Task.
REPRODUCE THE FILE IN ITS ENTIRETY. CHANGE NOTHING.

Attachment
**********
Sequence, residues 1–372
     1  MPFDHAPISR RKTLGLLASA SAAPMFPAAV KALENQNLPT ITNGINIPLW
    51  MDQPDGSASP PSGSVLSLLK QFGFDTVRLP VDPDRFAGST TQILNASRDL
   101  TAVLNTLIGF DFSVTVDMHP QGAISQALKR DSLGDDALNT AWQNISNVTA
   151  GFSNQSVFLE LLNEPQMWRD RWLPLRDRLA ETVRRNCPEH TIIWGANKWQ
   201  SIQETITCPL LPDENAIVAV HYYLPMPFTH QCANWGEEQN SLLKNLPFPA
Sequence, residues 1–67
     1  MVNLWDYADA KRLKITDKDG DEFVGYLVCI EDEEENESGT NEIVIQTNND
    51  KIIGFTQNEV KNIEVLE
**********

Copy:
Sequence, residues 1–372
     1  MPFDHAPISR RKTLGLLASA SAAPMFPAAV KALENQNLPT ITNGINIPLW
    51  MDQPDGSASP PSGSVLSLLK QFGFDTVRLP VDPDRFAGST TQILNASRDL
   101  TAVLNTLIGF DFSVTVDMHP QGAISQALKR DSLGDDALNT AWQNISNVTA
   151  GFSNQSVFLE LLNEPQMWRD RWLPLRDRLA ETVRRNCPEH TIIWGANKWQ
   201  SIQETITCPL LPDENAIVAV HYYLPMPFTH QCANWGEEQN SLLKNLPFPA
Sequence, residues 1–67
     1  MVNLWDYADA KRLKITDKDG DEFVGYLVCI EDEEENESGT NEIVIQTNND
    51  KIIGFTQNEV KNIEVLE